As we write this article, de-growth has become a hot topic as the world has been brought to a standstill by the COVID-19 virus. The deadly virus has spread throughout the globe, causing non-essential businesses to shut down, and people to isolate themselves in their homes.
Experts agree that COVID-19 is not a random event. Kate Jones, chair of ecology and biodiversity at University College London, has referred to COVID-19 as “a hidden cost of human economic development”. Our pursuit of economic growth has always had a downside, COVID-19 is a sudden, but not unexpected result of this uncontrolled growth.
“We disrupt ecosystems, and we shake viruses loose from their natural hosts. When that happens, they need a new host. Often, we are it.”David Quammen, Author of “Spillover: Animal Infections and the Next Human Pandemic”, Source: NY Times
Business growth has been commonly used as the primary measure of success for companies, especially within eCommerce. The sustainable nature of that growth, for either business or the environment, has rarely been considered.
Could COVID-19 be the kick-start of a de-growth movement in eCommerce?
The eCommerce industry has become very accustomed to growth. Both retailers and their digital teams have lived in a world where year-on-year (YoY) online growth is the expected norm. The only debate has been how much growth.
With bricks and mortar sales stalling, retail businesses switch attention to online to deliver overall business growth. This YoY growth is both celebrated and demanded, “comping” last year sales number is both a minimum requirement and foremost criteria of business health.
Company values, brand health, customer experience, and indeed sustainability, are all afterthoughts. For many retailers, business has become very short-term focused.
In a world where natural resources are limited, and the damage caused by consumption becoming evident, is there a fundamental issue with this “comp” model? Is infinite eCommerce growth sustainable?
The Problem with Growth
A focus on growth is not just an eCommerce problem. We live in a world where growth and expansion is both a priority and a measure of success.
The concept of growth underpins the global economy. The World Bank targets continual annual growth of Gross Domestic Product (GDP). The economic model does not allow for anything else, with the argument that this growth model is the driver behind the quality of life we have all become accustomed to. This ignores the potential quality of life for future generations.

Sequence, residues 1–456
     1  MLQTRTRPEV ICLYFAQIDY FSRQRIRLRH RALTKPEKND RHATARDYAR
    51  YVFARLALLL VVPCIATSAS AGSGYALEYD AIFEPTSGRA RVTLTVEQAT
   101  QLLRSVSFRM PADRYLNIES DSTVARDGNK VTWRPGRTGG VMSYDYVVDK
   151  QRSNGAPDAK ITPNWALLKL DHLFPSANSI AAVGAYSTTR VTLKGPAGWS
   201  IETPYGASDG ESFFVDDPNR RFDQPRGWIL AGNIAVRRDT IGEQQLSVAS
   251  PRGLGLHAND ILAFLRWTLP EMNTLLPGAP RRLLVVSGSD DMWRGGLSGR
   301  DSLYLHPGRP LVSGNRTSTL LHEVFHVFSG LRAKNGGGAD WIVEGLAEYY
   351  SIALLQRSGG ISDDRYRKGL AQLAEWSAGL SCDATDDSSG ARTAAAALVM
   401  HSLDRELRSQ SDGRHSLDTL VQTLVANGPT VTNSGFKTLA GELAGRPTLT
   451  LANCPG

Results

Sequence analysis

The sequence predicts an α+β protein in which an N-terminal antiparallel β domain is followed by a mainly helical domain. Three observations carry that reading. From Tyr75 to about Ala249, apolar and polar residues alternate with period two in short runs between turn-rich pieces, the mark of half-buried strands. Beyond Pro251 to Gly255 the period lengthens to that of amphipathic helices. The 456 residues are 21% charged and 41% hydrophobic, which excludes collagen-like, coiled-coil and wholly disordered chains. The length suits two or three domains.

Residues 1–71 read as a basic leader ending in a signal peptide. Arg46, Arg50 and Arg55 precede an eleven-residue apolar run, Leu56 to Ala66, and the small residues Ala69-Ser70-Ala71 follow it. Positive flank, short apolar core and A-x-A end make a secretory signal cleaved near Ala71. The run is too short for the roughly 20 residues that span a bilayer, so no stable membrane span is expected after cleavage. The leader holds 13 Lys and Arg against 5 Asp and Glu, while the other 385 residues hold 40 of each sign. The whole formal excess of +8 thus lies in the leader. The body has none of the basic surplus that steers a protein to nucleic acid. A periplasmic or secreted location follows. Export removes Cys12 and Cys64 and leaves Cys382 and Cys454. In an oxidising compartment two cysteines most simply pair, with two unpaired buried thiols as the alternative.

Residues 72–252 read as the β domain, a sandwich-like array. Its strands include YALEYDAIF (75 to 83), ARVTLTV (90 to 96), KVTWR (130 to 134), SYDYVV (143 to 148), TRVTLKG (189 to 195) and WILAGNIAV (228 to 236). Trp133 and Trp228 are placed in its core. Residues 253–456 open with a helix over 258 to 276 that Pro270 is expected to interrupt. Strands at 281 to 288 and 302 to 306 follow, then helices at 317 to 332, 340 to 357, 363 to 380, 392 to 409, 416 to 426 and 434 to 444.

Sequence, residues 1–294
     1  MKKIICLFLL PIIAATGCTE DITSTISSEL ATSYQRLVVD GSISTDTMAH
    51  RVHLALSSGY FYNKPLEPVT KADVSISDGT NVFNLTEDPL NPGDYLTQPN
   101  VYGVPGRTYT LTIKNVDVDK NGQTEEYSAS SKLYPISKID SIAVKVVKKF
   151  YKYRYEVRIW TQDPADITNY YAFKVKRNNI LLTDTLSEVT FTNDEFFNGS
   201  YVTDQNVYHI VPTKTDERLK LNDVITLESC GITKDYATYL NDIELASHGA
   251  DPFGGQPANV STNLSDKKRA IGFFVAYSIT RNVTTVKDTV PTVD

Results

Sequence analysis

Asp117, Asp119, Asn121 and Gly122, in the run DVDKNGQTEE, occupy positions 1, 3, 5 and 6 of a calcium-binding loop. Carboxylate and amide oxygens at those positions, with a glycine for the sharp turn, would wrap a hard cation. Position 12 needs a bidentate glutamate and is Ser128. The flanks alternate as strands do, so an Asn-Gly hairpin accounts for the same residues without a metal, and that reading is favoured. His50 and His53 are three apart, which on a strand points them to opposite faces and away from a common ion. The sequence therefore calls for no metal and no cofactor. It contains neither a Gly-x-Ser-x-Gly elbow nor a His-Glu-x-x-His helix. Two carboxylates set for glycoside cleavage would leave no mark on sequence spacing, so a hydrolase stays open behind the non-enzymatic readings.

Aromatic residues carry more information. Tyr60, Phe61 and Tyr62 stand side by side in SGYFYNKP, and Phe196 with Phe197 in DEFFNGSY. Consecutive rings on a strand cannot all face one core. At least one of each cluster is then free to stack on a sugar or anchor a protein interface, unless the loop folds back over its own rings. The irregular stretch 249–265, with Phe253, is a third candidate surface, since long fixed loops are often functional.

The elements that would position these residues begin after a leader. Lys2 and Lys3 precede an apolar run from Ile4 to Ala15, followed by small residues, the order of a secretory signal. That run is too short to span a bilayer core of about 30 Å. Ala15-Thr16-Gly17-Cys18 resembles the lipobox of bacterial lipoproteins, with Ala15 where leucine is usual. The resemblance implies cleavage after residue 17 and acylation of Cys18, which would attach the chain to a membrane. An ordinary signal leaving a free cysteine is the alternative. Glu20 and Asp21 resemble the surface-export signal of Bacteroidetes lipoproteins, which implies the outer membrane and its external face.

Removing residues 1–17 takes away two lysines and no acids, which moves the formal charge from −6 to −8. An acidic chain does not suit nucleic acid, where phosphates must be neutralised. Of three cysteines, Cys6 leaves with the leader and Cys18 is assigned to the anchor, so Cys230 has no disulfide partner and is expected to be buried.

For retail businesses selling consumer goods, whether online or offline, growth means selling more stuff. Selling more stuff means using more natural resources, increasing carbon footprint, and creating more waste.
Our planet is struggling to cope now, how do we expect further growth to improve this. In a finite world, how can infinite growth be sustainable.
The concept of de-growth is nothing new. A recent article by the Harvard Business Review highlighted the idea dating back to the 1970s and explained how this is an essential part of the sustainability movement.
The article explains the simple concept. In response to increasing environmental and social problems, the only real solution is to produce and consume less – to shrink our economies to cope with the finite capacity of our planet.
For business leaders, this concept of de-growth is entirely unthinkable. As per The World Bank growth targets, the view is that growth is an economic necessity, and any threat to that not only undermines business but basic societal functioning.
With business leaders unlikely to drive change, and politicians focused on short-term goals for the next voting cycle, it’s likely to be left to the people to force change. Consumer-driven degrowth is something already happening at a grassroots level, with consumer demand actively being transformed, despite political and corporate resistance.
COVID-19 Forced De-growth
COVID-19 has caused a widespread slowdown to all business, including the manufacturing of products, selling of consumer goods, and the global travel that has become part of our daily routine. eCommerce is not immune to this slowdown, with many online retailers forced into a significant reduction in trade.
While both the risk to life and effect on business is devasting, the forced and instant COVID-19 global shutdown has shown significant environmental benefit as a result of the economic slowdown.
The estimated environmental benefits have included:
- 40% drop in Nitrogen Dioxide (NO2) seen in China. Similar expected decreases in other greenhouse gases.
- 30% drop in fine particulate matter recorded in New York.
- A drastic drop in NO2 levels over Northern Italy.
These environmental benefits caused by the forced slowdown perfectly highlights the fundamental benefits of the de-growth movement. On the flip-side, the sudden and genuine threat to life from the Coronavirus provides a terrifying insight into our potential future if we continue with our current economic model of infinite growth.